Vladimir Petrov, a PhD student at University of Zurich, spoke about his experience of being involved in a start-up that is leveraging blockchain, an artefact of the new financial system, to build projects to save the environment. Carl Schramm, economist and entrepreneur, encouraged my initiative of building data to study entrepreneurship in developing countries. Discussions with Romesh Vaitilingam, writer and media consultant, taught me many important lessons about communicating economics to a broader audience without losing it in jargon.

 

Laureate Eric Maskin, Devaki Ghose and Howard Yana-Shapiro

Nobel Laureate Eric Maskin, Devaki Ghose and Howard Yana-Shapiro were on a panel discussing economic inequality at the Mars Science Breakfast during #LiNoEcon.

 

Interactions with Bruno Roche and Jay Jakub from Mars Incorporated contributed to my understanding of how collaborations between industry and academia can help address issues of economic importance, such as helping deprived communities. Lack of social and human capital in historically deprived communities hinders their participation in economic activities and restricts their purchasing power to buy goods from the market. Community-level interventions to invest in human capital can be beneficial for different stakeholders, starting from members of the community, policy-makers and multinationals.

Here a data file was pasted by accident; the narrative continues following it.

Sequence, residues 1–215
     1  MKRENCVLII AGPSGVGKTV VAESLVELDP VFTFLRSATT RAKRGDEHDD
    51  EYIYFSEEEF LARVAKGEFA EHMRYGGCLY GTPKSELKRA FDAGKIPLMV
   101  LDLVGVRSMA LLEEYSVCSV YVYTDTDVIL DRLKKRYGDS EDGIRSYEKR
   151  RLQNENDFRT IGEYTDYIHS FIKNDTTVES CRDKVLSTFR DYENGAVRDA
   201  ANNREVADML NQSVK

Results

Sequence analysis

As a confluence of ideas from both industry and academia, Lindau is different from any regular academic conference. It is not only about listening to seminars and raising questions. It is also about exchanging ideas with some of the brightest and most passionate young economists, drawing inspiration, engaging in conversations with Nobel Laureates and, most importantly, learning to express your own ideas.

My experience at Lindau opened windows of opportunities that I did not even know existed. It led me to foster connections with people who are deeply passionate about science and believe in using science to solve many of the world’s problems.

I highly encourage every young scientist to apply to the Lindau Meetings. I cannot tell you what you are going to experience because it will exceed all your expectations in one way or another. Oh, and did I not tell you that these five days are also packed with many fun activities, including music, dance and a boat trip to the pristine Mainau island?!

Devaki Ghose

About Devaki Ghose

Devaki Ghose, Lindau Alumna 2017, is a Ph.D. student at the University of Virginia. She conducts research in the areas of international trade, economic geography, education, labor and development. Her projects involve studying the regional impact of the Information Technology (IT) boom in India, the effect of large scale highway development projects on labor movement and welfare across Turkish provinces as well as the historical evolution of computer science education in the United States and India.